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St. Paulinus II, Patriarch of Aquileia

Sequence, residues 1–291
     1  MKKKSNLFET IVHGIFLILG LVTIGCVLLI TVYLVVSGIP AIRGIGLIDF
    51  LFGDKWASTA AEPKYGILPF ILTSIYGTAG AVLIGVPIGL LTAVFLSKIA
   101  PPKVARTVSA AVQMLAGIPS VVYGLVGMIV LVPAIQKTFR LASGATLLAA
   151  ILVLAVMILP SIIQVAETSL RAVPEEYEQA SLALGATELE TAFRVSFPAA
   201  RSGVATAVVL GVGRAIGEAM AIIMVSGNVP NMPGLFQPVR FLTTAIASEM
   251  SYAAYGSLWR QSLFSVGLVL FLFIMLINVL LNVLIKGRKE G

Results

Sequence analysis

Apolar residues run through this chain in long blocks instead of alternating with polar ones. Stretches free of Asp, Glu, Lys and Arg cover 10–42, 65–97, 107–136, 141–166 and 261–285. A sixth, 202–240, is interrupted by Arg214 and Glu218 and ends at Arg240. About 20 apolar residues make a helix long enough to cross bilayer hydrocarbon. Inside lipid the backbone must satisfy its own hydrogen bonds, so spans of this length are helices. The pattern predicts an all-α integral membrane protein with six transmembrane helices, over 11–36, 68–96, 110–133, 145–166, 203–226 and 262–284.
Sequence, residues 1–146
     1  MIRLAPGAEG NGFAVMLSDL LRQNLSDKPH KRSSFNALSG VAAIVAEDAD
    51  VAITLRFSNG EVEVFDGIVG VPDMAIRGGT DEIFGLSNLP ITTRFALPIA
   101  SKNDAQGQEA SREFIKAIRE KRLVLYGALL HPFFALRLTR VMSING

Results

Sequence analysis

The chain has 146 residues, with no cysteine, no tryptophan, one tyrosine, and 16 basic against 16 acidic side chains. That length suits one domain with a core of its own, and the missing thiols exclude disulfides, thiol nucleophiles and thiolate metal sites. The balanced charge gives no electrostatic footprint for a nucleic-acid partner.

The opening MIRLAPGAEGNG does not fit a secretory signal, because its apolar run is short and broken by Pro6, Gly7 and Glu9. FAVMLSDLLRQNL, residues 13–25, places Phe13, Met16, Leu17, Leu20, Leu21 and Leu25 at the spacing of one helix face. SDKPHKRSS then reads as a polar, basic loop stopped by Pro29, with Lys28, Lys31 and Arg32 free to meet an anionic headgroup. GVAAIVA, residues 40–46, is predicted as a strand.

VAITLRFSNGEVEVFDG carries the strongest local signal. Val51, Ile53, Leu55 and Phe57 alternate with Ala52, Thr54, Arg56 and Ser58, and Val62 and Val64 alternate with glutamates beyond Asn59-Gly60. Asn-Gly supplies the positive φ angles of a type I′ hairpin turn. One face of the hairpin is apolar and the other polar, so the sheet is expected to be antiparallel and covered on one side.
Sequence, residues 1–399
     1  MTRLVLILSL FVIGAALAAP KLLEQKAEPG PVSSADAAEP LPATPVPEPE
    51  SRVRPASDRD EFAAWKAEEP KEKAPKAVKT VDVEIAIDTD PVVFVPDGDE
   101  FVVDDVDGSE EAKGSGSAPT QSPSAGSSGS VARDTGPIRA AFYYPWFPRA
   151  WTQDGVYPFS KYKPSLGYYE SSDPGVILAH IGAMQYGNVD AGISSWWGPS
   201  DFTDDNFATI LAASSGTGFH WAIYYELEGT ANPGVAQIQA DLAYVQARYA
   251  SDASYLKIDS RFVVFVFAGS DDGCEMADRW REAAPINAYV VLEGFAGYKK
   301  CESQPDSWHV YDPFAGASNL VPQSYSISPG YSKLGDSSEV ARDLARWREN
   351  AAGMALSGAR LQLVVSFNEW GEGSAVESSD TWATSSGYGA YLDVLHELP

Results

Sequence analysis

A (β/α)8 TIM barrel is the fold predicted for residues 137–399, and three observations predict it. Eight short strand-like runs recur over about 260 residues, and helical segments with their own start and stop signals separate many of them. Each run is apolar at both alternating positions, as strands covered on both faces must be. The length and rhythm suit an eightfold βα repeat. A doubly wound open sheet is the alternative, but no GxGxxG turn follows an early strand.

Born at Premariacco, near Cividale, Italy, about 730-40; died 802. Born probably of a Roman family during Longobardic rule in Italy, he was brought up in the patriarchal schools at Cividale. After ordination he became master of the school. He acquired a thorough Latin culture, pagan and Christian. He had also a deep knowledge of jurisprudence, and extensive Scriptural, theological, and patristic training. This learning won him the favour of Charlemagne. After the destruction of the Kingdom of the Longobards in 774, Charles invited Paulinus to France in 776, to be royal master of grammar". He assisted in restoring civilization in the West. In 777 Paulinus made his first acquaintance with Petrus of Pisa, Alcuin, Arno, Albrico, Bona, Riculph, Raefgot, Rado, Lullus, Bassinus, Fuldrad, Eginard, Adalard, and Adelbert, the leading men of that age. His devotion to Charlemagne was rewarded by many favours, among them the gift of the property of Waldand, son of Mimo of Lavariano, with a diploma dated from Ivrea, and his appointment by Charles as Patriarch of Aquileia in 787. Paulinus took a prominent part in the important matters of his day. In his relations with the churches of Istria, or with the Patriarch of Grado, the representative of Byzantine interests, he showed the greatest prudence and pastoral zeal. Paulinus obtained diplomas for the free election of the future patriarchs, and other privileges for the Church of Aquileia, viz. the monastery of St. Mary in Organo, the church of St. Laurence of Buia, the hospitals of St. John at Cividale and St. Mary at Verona. He helped in preparing the new Christian legislation, and we find some canons of his synods. In 792 he was present at the Council of Ratisbon, which condemned the heresy of Adoptionism taught by Eliphand and Felix, Bishop of Urgel. In 794 he took a leading part in the national Synod of Frankfort-on-the-Main, where Adoptionism was again condemned, and wrote a book against it which was sent to Spain in the name of the council. Leaving Frankfort Paulinus paid a visit to Cividale and accompanied Pepin against the Avars. At Salzburg he presided over a synod of bishops, in which were discussed the evangelization of the barbarians, and baptism, as we learn from letters of Charles, Alcuin, Arno, and Paulinus. Returning from the expedition the patriarch once more opposed the Adoptionists at the Synod of Cividale in 796. Paulinus expounded the Catholic doctrine about the Blessed Trinity, especially about the procession of the Holy Ghost from the Father and the Son. At this synod fourteen "canons" on ecclesiastical discipline, and on the sacrament of marriage, were framed and a copy of the Acts was sent to the emperor. Paulinus is said to have assisted at the Council of Altinum, but Hefele has proved that a council was never held there. In 798 he was "Missus Dominicus" of Charlemagne at Pistoia, with Arno and ten other bishops; and afterwards he went to Rome as imperial legate to the Pope. The activity of Paulinus as metropolitan is clear from the "Sponsio Episcoporum ad S. Aquileiensem Sedem . Among his works are: Libellus Sacrosyllabus contra Elipandum ; Libri III contra Felicem ; the protocol of the conference with Pepin and the bishops on the Danube, a work very important for the history of that expedition. Paulinus was also a poet, and we till possess some of his poetical productions: "Carmen de regula fidei ; the rythmus or elegy for the death of his friend, Duke Heric, killed in battle, 799; another rhythm on the destruction of Aquileia; eight rhythms or hymns to be sung in his own church for Christmas, the Purification, Lent, Easter, St. Mark, Sts. Peter and Paul, the dedication, and "Versus de Lazaro". He died revered as a saint. In MSS. prior to the Martyrology of Usuard his feast is recorded on 11 Jan. In the calendars of saints of the thirteenth, fourteenth and fifteenth centuries, used in the Church of Aquileia and Cividale, his feast has a special rubric. The first appearance of the name St. Paulinus in the Liturgy occurs in the "Litaniae" of Charles the Bald of the ninth century. It appears also in the "Litaniae Carolinae", in the Litaniae a S. Patribus constitutae", and finally in the Litaniae" of the Gertrudian MS. of the tenth century. Down to the sixteenth century the feast was celebrated on 11 Jan., during the privileged octave of the Epiphany. The patriarch Francesco Barbaro at the beginning of the seventeenth century translated the feast to 9 Feb. The Church of Cividale keeps his feast on 2 March. After several translations the relics of the saintly patriarch were laid to rest under the altar of the crypt of the basilica of Cividale del Friuli.